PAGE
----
In dealing with campus speech concerns, it is important to have some historical perspective. Some commentators and critics have characterized recent campus controversies as unique – an aberration from the tradition of free speech on campus. But as Keith Whittington, a Princeton political scientist, recently observed in a book on campus speech:

There was no golden age. Free speech on American college campuses
            has always been controversial and contested. The proper boundaries of free speech
            have never been clear, and the basic commitment to the principle of free speech has
            rarely been unwavering.

Throughout our history, the campus has been a flashpoint of activism and free speech contention: During the 1950s, when communists and radicals were singled out for exclusion and punishment; during the Civil Rights and Vietnam War eras, when protesters were expelled or displaced; and today, when conservative speakers claim to be targeted and chilled, as in the Michigan lawsuit. Further, polling data suggests that prior generations have indeed supported free speech rights – except when they haven’t; for instance, when speech caused disruption, speakers communicated certain offensive ideas or beliefs, or speech otherwise affected some other preferred interest. In short, what we are experiencing today is largely a rerun, not a new series.

Our approach to campus speech can, and I suggest should, be informed by two venerable and related ideals: (1) the mission of the modern university, and (2) the American free speech tradition.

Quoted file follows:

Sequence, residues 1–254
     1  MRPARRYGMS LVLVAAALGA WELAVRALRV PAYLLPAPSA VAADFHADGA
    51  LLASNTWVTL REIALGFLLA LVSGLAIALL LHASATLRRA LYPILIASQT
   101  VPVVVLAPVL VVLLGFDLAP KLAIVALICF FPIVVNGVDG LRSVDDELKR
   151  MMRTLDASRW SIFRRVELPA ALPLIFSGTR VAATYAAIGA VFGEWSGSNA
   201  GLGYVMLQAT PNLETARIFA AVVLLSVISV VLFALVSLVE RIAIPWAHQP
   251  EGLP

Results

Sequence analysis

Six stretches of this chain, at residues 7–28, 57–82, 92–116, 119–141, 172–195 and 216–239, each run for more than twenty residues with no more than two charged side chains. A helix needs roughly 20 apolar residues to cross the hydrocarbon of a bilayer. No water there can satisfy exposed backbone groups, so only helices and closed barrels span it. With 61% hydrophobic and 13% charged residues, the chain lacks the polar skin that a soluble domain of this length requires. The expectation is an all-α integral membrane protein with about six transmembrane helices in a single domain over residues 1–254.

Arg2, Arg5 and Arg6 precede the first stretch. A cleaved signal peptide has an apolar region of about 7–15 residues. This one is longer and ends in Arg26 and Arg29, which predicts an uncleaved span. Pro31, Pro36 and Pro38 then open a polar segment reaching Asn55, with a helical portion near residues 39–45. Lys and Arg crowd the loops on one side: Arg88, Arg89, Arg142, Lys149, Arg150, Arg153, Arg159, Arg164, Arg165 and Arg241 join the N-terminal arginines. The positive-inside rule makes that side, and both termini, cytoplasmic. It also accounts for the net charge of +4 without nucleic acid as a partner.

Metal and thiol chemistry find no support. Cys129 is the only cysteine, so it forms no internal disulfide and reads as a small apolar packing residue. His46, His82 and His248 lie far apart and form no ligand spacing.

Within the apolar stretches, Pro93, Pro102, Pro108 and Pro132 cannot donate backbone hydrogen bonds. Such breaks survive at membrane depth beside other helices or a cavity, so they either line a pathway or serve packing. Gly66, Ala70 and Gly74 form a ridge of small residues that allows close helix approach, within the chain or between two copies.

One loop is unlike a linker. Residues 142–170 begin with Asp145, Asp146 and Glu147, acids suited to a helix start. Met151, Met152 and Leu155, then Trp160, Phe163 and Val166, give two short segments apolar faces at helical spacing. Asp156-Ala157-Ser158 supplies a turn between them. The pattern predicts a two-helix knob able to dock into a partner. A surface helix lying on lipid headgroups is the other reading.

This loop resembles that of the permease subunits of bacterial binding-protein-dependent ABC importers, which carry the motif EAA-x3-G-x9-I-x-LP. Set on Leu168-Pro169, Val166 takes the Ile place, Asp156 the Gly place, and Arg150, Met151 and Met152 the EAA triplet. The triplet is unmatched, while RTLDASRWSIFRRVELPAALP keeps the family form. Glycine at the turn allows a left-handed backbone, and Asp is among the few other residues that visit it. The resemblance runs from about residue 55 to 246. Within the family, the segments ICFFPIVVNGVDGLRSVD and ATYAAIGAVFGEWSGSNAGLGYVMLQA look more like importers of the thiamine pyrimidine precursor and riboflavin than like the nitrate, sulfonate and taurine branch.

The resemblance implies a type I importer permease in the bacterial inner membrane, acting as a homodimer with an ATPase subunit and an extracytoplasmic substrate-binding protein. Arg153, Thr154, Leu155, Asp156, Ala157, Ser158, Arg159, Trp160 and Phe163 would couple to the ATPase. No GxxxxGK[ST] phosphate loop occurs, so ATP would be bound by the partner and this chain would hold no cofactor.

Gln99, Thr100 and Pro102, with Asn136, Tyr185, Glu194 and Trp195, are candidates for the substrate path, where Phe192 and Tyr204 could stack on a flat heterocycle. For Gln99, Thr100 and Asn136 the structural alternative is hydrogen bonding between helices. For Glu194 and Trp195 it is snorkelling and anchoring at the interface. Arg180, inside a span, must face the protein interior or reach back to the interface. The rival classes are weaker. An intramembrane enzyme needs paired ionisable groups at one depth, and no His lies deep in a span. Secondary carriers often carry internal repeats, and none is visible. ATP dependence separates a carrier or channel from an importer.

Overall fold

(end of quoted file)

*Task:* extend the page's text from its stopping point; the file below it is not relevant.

Although universities are not monolithic, in general terms, the central mission of the modern university is to produce and disseminate knowledge. Our learning communities are incubators of ideas. They shelter dissidents, idealists, and critics. In pursuing their central mission, colleges and universities also prepare students for the duties and obligations of democratic citizenship, as future leaders and voters. Universities are also places where students learn the value of autonomy, including with respect to the communication and consumption of ideas.

These functions coincide with general First Amendment values and principles. Thus, protection for the freedom of speech is typically justified on the grounds that it furthers “marketplace of ideas,” “self-government,” and “autonomy” values. As the Supreme Court has observed, “the university classroom and its environs are peculiarly the marketplace of ideas.” In that marketplace, principles of free speech, free trade in ideas, and academic freedom must all be respected. Protecting speech on matters of public concern, which is the primary concern of the free speech guarantee’s self-government value, is particularly important in terms of educating future leaders and voters. And free speech autonomy concerns apply with (at least) equal force on the campus as they do outside its gates.

Past campus speech controversies have highlighted and magnified the connection between the modern university’s mission and our free speech tradition. For example, in response to a free speech controversy on the Yale campus during the 1960s, involving a Nobel-Prize-winning physicist who was also a vocal exponent of the genetic inferiority of blacks, Yale University issued a report on “Freedom of Expression at Yale.” The report declared that “the history of intellectual growth and discovery clearly demonstrates the need for unfettered freedom, the right to think the unthinkable, discuss the unmentionable, and challenge the unchallengeable.” It stated that universities had a special responsibility “to provide a forum for the new, the provocative, the disturbing, and the unorthodox.” The report’s authors also concluded that members of the campus community had an overriding duty to preserve and respect freedom of speech, and had no right to obstruct others from exercising that freedom or from hearing the views of controversial speakers.